April 1, 2011
By Jeff White (firstname.lastname@example.org)
CHARLOTTESVILLE — Klöckner Stadium is the home of UVa lacrosse, and will be for years to come. For one afternoon, though, the men’s team isn’t upset at all about moving to another venue in town.
No. 6 Virginia (7-2) hosts No. 10 Maryland (6-2) at noon Saturday, and this ACC game will be played at Scott Stadium. The Cavaliers practiced there twice this week.
“It’s awesome,” junior attackman Steele Stanwick said. “It’s pretty cool that we used to play there, and it’s pretty cool that we’re going back to Scott Stadium. I think just the fact that it’s in Scott Stadium catches people’s eyes more than if it’s just at Klöckner.”
UVa hasn’t played a men’s lacrosse game at Scott Stadium since March 8, 1995. That was early in Dom Starsia’s third season as the Cavaliers’ coach. The Wahoos moved into Klöckner in 1993 but periodically played early-season games at Scott Stadium, which then had artificial turf, until ’95.
“We have sold out Klöckner a couple times in recent years,” Starsia said, “and in almost all those instances, it’s a great atmosphere, and you’re wondering, ‘I wonder what kind of crowd we could get here if we had more capacity.’
“I have had casual conversations with folks about playing a game at Scott Stadium, and I always said that I would be interested in talking about it.”
The Maryland game, which ESPNU will televise, originally was set for Klöckner, whose capacity for lacrosse is 8,000. But after football coach Mike London decided to hold his team’s spring game April 2, UVa officials became intrigued by the possibility of a doubleheader at Scott Stadium.
That was fine with London. Starsia, a former Brown University wide receiver whose roster is stocked with former high school football players, had no objections either.
“It didn’t take much to convince me that this was going to be a good idea,” Starsia said, “and I think our players are excited about it.
“The field [at Scott Stadium] looks great, the locker room, the whole facility. I think it’s kind of a once-in-a-career opportunity. We certainly don’t want to lose what we’ve built at Klöckner, but I don’t think that this will have any negative impact on that.”
The Blue-Orange football scrimmage will start soon after the lacrosse game ends.
“I thought it was a compliment that football asked us to join them,” Starsia said, “and so I was pleased about that, and I’m happy to pitch in and help out, to kind of make it a big day over there. And at the same time I think it’ll be a good experience for our kids, and I think we all look forward to it.”
The ‘Hoos, who lost 12-10 to top-ranked Syracuse in the Carrier Dome on March 4, fell 12-11 to Johns Hopkins in Baltimore last weekend.
This will be the ACC opener for UVa. Maryland is 0-2 in conference play, having lost 9-8 in overtime to defending NCAA champion Duke on March 5 and 11-6 to North Carolina last weekend.
“Neither team is desperate, but neither team likes to lose, and both teams want to put a W in the column against a quality opponent and a conference opponent, and get back on the winning track,” Starsia said.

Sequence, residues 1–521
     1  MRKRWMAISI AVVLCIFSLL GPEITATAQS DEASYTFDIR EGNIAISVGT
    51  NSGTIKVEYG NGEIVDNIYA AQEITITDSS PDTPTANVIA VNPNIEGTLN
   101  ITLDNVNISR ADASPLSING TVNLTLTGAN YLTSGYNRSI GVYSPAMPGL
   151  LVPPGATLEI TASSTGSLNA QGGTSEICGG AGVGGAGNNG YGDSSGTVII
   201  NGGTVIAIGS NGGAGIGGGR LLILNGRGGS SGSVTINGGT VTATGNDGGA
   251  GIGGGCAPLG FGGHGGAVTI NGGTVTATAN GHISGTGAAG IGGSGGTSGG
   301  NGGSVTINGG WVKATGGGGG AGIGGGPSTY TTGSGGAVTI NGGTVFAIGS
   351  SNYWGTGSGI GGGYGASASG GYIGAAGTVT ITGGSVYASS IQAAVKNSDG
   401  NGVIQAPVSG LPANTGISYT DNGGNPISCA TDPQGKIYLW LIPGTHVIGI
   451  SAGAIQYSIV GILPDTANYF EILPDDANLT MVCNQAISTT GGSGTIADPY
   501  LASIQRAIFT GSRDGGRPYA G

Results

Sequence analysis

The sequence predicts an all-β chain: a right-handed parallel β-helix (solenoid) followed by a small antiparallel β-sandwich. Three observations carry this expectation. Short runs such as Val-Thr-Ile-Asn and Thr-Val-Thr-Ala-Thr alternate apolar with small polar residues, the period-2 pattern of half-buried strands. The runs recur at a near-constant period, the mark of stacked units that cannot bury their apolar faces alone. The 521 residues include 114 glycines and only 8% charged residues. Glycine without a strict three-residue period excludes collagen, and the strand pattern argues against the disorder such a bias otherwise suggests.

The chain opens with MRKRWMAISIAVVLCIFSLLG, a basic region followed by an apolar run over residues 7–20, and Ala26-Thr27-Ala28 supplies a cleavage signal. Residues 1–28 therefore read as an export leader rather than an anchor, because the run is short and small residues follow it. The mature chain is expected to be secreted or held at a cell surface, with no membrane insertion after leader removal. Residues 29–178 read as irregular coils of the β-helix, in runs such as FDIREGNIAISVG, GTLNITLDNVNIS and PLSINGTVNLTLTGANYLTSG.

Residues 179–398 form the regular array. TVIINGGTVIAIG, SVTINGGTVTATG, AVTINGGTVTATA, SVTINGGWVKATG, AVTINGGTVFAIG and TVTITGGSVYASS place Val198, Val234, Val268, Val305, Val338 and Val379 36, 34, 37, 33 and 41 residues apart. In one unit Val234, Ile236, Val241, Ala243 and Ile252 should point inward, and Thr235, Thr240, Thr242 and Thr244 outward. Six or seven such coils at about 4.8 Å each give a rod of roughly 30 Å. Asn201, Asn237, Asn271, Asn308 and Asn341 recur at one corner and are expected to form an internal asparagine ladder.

“There’s a certain amount of that anxious energy that probably will be coming off both sidelines, I would think.”
Virginia has beaten such teams as Cornell, Ohio State, Stony Brook and Drexel, but little has come easily for Starsia’s squad this season. The veterans on the attack and in the midfield were expected to carry the team while an inexperienced defense jelled, but the Cavaliers have been inconsistent in almost every aspect of the game.
“I don’t think we’ve really been firing on all cylinders yet,” said Stanwick, UVa’s leading scorer with 39 points (20 goals and 19 assists).
“If one game the offense is off, then the defense has been on, and vice versa. I think we’re still trying to put together a complete game. I think we actually played a pretty good three quarters against Hopkins; we just gave away that first one.
“For us, it’s about staying composed and playing the full 60 minutes.”
That UVa’s play has been so uneven “is a bit surprising,” Stanwick said, “but I don’t think we’re panicking at all. We’re still 7-2.
“To be honest, this is the first time I’ve lost a regular-season game to anyone but Duke. This is definitely a different experience for the upperclassmen, especially. It’s almost refreshing, to be honest. It’s not the same old story. I think sometimes you learn more from a loss than you do from a win, and if we were kind of squeaking out wins, we might not address the issues that we have. But the fact that you’re actually losing games, I think it causes you to look at yourself more harshly and address the issues you need to fix.”
Virginia has won three NCAA titles under Starsia — in 1999, 2003 and 2006. The Terrapins haven’t won the NCAA tournament since 1975.
“Sometimes they kind of don’t get associated with teams like Syracuse and Hopkins,” said Stanwick, who’s from Baltimore, “but in terms of talent, they’re there, if not better. Maryland’s always one of our most physical games, and I think we’re getting ready for that on Saturday.”